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Balcon, Sir Michael Eliasfree

  • Philip Kemp

Sir Michael Elias Balcon (1896–1977)

by Howard Coster, 1936

Balcon, Sir Michael Elias (1896–1977), film producer, was born on 19 May 1896 at 116 Summer Lane, Edgbaston, Birmingham, the youngest son and fourth of five children of Louis Balcon (c.1858–1946) and his wife, Laura Greenberg (c.1863–1934). His parents, Jewish immigrants from eastern Europe, had met in England. Louis Balcon described himself as a tailor, but seems rarely to have practised his trade. He preferred to travel, especially to South Africa, where his brother-in-law had settled, leaving his wife to bring up the children as best she might. Michael Balcon's childhood, in his own words, was 'respectable but impoverished' (Balcon, 2). Despite poverty, all the children were given a good education. Balcon himself won a scholarship in 1907 to George Dixon Grammar School in Birmingham, where his scholastic career, so he later claimed, was 'undistinguished' (Balcon, 5). Even so, he hoped to follow his elder brothers to university, but to his disappointment the family's financial needs obliged him to leave school in 1913 and work as apprentice to a jeweller. When war broke out he volunteered for service, but was turned down owing to defective eyesight. In 1915 he joined the Dunlop Rubber Company's huge plant at Aston Cross, known as Fort Dunlop, and he rose to become personal assistant to the managing director.

After the war a friend, Victor Saville, whose family was in show business, invited Balcon to join him in setting up a film distribution company. Together they formed Victory Motion Pictures; the chairman, and financial backer, was Oscar Deutsch, a rich scrap-metal dealer who later founded the Odeon cinema chain. In 1921 Saville and Balcon moved to London, opening an office in Soho, and in 1923, with backing from Deutsch and a prominent London distributor, C. M. Woolf, they produced their first feature film, a melodrama called Woman to Woman (1923). It starred a then popular Hollywood actress, Betty Compson, and was directed at Islington Studios by a leading British director of the period, Graham Cutts. The film was a screen hit. On the strength of it, Balcon and Cutts took a lease on Islington Studios and formed Gainsborough Pictures. The studio, recently vacated by the Hollywood company Famous Players–Lasky (later to become Paramount), was small but well equipped and fully staffed. The staff included an ambitious, highly versatile young man called Alfred Hitchcock.

That same year, 1924, Balcon married on 10 April Aileen Freda Jacobs, née Leatherman (1904–1988), daughter of Beatrice Leatherman, born in Middlesex, but brought up in Johannesburg. In 1946 she was appointed MBE for her war work. Their marriage was happy and lasted until Balcon's death. They had two children: Jill Angela Henriette Balcon (1925–2009) and Jonathan (b. 1931). Jill Balcon, who became an actress, married future poet laureate Cecil Day-Lewis; their son, Daniel Day-Lewis, also became an actor.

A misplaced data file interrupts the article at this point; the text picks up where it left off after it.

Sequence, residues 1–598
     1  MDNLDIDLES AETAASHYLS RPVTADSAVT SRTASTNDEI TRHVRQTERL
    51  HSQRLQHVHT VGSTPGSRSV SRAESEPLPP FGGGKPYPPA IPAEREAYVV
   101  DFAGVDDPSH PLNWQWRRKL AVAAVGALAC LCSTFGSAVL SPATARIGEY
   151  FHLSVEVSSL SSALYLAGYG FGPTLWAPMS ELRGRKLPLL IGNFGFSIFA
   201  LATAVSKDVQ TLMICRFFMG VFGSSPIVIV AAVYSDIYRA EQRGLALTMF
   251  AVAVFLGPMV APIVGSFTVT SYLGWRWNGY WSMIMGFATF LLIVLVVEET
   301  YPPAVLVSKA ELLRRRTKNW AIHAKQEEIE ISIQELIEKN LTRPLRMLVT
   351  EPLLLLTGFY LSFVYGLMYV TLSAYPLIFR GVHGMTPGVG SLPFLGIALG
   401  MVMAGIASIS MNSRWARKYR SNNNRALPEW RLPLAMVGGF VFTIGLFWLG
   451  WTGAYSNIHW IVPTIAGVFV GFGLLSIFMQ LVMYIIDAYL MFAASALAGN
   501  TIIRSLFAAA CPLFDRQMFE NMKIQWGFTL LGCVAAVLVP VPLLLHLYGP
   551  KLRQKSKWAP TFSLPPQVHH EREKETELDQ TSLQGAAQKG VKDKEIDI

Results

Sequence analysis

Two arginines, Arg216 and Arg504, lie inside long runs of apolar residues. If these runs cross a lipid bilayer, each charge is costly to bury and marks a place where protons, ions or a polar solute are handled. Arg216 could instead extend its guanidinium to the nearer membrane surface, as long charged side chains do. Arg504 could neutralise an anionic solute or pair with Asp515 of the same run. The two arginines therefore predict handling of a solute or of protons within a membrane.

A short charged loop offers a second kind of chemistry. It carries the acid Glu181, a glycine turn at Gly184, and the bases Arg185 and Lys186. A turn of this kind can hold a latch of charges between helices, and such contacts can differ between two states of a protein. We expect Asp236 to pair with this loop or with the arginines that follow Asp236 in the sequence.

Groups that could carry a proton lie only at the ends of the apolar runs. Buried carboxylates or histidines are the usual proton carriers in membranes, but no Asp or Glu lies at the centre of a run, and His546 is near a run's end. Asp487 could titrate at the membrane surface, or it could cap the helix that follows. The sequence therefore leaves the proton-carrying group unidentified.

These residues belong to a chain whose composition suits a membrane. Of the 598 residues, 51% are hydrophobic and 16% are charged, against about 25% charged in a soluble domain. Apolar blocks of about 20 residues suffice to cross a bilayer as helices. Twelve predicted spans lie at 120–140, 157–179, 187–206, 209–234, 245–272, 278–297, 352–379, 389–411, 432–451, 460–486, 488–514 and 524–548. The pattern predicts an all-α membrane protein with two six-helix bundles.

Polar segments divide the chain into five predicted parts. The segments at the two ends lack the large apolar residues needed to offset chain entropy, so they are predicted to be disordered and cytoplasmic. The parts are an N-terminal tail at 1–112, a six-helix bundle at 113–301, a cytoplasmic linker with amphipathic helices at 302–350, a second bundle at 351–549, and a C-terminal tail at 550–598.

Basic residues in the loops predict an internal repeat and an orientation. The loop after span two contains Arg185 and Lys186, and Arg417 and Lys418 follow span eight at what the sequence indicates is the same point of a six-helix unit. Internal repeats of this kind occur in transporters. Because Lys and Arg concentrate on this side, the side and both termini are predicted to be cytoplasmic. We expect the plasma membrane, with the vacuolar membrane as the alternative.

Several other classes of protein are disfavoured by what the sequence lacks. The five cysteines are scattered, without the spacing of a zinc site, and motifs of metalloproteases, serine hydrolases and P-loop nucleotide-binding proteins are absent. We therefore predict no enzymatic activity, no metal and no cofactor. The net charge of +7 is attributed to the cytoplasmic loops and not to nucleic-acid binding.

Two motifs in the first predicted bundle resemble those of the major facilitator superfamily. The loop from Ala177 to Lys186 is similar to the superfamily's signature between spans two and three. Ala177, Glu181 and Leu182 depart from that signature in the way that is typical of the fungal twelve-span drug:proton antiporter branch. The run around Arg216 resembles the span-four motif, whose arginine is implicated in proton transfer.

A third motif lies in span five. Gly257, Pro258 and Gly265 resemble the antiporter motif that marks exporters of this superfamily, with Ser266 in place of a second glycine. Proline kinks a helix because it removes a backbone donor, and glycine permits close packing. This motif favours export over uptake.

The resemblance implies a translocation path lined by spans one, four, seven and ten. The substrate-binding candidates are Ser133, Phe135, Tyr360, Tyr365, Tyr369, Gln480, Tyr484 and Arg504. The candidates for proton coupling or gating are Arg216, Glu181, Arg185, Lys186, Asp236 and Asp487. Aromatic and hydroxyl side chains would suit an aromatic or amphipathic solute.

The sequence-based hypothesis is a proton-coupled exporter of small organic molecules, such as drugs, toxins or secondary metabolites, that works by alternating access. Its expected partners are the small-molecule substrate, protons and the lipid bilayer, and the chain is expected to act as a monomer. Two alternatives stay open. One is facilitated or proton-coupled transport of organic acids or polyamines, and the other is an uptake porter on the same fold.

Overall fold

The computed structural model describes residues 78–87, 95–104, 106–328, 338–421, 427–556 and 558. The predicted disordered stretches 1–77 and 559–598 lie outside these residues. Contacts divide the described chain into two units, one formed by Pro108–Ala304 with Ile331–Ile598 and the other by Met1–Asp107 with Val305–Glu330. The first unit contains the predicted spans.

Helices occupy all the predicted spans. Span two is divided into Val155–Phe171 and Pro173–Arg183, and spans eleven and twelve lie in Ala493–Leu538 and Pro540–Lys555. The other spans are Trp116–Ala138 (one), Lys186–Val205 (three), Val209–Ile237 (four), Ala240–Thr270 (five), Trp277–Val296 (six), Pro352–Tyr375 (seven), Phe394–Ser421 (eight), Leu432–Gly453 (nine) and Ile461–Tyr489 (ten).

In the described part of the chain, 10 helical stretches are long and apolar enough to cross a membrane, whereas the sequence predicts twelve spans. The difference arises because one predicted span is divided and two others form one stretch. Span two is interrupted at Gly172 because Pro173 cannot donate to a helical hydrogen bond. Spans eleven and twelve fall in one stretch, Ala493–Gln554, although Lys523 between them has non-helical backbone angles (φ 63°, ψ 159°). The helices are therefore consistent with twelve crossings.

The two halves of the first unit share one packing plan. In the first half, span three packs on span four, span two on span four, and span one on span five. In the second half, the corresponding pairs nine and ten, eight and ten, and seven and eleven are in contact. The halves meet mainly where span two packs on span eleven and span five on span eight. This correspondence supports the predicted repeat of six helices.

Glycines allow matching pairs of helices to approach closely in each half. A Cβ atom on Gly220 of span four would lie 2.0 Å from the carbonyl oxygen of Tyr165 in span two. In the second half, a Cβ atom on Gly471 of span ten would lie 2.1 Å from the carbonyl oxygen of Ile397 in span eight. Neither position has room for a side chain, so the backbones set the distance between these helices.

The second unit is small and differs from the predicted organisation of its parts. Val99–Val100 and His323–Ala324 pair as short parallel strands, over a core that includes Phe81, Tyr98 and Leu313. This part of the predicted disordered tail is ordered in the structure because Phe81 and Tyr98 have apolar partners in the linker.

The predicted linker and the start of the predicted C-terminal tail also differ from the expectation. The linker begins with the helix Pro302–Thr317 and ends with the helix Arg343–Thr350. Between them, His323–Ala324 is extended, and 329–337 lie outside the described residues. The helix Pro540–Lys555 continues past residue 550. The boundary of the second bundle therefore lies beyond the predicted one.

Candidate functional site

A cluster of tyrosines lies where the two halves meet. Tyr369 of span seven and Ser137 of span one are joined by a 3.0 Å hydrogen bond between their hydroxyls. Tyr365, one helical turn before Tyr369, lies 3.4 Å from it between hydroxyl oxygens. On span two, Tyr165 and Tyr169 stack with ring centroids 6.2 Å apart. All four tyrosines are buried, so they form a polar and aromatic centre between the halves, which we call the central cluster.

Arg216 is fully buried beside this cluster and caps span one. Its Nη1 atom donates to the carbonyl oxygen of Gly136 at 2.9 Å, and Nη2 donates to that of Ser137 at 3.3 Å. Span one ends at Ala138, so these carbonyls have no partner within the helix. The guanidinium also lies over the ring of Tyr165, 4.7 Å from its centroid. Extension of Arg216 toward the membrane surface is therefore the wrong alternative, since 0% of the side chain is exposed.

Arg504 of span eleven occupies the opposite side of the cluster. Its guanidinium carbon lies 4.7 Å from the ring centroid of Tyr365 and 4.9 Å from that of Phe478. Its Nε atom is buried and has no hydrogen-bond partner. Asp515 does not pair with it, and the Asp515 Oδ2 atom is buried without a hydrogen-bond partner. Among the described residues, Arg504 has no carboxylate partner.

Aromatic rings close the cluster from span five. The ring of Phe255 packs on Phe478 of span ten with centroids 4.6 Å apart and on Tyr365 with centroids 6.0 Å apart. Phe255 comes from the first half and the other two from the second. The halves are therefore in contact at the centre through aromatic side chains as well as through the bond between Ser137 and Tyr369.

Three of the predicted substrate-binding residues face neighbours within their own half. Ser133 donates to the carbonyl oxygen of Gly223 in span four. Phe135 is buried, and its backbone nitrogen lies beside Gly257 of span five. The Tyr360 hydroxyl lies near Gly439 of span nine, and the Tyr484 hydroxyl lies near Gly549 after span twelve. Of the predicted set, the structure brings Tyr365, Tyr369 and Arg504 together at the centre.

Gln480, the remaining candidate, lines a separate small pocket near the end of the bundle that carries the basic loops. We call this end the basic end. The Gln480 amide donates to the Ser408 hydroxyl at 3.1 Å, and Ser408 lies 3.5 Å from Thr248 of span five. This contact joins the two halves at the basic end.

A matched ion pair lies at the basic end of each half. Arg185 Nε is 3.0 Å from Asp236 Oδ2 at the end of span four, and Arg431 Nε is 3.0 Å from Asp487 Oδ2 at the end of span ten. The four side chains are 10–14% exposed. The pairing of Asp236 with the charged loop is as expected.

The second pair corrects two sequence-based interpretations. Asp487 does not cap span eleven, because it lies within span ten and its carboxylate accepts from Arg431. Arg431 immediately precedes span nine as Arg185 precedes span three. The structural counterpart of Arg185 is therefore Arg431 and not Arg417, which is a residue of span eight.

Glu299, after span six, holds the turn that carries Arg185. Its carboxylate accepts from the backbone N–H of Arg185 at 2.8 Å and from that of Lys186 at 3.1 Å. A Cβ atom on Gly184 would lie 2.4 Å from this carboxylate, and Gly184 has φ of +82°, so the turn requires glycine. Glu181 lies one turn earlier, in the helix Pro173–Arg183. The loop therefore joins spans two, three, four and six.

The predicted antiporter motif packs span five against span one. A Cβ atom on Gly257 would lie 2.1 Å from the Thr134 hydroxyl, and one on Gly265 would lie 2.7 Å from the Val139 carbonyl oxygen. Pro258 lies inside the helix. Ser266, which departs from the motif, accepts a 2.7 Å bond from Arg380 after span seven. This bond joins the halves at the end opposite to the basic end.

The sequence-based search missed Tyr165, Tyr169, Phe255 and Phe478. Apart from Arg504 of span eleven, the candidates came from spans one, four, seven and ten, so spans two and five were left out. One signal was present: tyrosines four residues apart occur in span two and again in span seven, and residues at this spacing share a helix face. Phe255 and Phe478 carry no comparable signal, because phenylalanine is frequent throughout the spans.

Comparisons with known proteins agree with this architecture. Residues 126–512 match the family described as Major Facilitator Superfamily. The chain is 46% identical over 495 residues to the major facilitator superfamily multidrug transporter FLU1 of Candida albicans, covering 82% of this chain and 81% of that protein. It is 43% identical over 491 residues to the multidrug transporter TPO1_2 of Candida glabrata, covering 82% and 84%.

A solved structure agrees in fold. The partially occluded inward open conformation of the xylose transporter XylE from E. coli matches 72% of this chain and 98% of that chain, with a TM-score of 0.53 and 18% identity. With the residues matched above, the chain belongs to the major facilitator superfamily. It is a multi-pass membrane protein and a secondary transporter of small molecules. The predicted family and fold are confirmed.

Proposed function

Under Balcon's leadership Gainsborough earned a reputation for high-quality films, often with cosmopolitan themes. Several of them were shot at the giant Universum Film studios in Berlin, where Balcon established a good working relationship with the great producer Erich Pommer. In 1925 Balcon gave Hitchcock his first chance to direct with The Pleasure Garden, filmed in Germany and Italy. Gainsborough often featured matinée idol Ivor Novello in such films as The Rat (1925), directed by Graham Cutts, and The Lodger (1926), directed by Hitchcock.

In 1928 Gainsborough was relaunched as a public company. On the board, along with Balcon and C. M. Woolf, was Maurice Ostrer, one of the Ostrer brothers who controlled Gaumont-British, which was fast becoming Britain's largest film company. Gainsborough was now in effect an outpost of the Gaumont empire, and Balcon found his independence steadily eroded. In 1931 he was appointed head of production at Gaumont's Lime Grove Studios in Shepherd's Bush, while still overseeing production at Islington. In both capacities he reported to the Ostrers. It may have been the ambiguity of his status, as much as the pressures of running two studios, that contributed to a nervous breakdown late in 1931.

Over the next five years Gaumont and Gainsborough, under Balcon's guidance, produced some of the most popular British films of the period in a wide range of genres. Hitchcock, enticed away from Gainsborough a few years earlier, now rejoined his old boss and hit his stride with such classics as The Man Who Knew Too Much (1934), The 39 Steps (1935), and Sabotage (1936). There were musicals with Jessie Matthews, including Evergreen (1934) and First a Girl (1935); Ben Travers's Aldwych farces and the comedies of Jack Hulbert and Cicely Courtneidge; historical biopics starring the actorly George Arliss; stylish thrillers (Rome Express, 1932); romantic comedies (The Good Companions, 1933); horror vehicles for Boris Karloff, temporarily lured from Hollywood (The Ghoul, 1933); big-budget science-fiction spectaculars (The Tunnel, 1935); war movies (I was a Spy, 1933); and ambitious costume dramas such as Jew Süss (1934) and Tudor Rose (1936). Jew Süss, a project especially dear to Balcon's heart, represented a rare attempt to circumvent the stifling British censorship and denounce, under a historical guise, the antisemitic policies of Nazi Germany.

Many technicians and actors who were fleeing Nazi oppression found refuge at Gaumont-British, with Balcon's active encouragement. Among them were the brilliant, autocratic art director Alfred Junge, and the cinematographers Günther Krampf and Mutz Greenbaum, as well as director Berthold Viertel and the producer Hermann Fellner. The actor Conrad Veidt, under pressure from the Nazis to make films for the Reich, only escaped from Germany thanks to Balcon's direct intervention.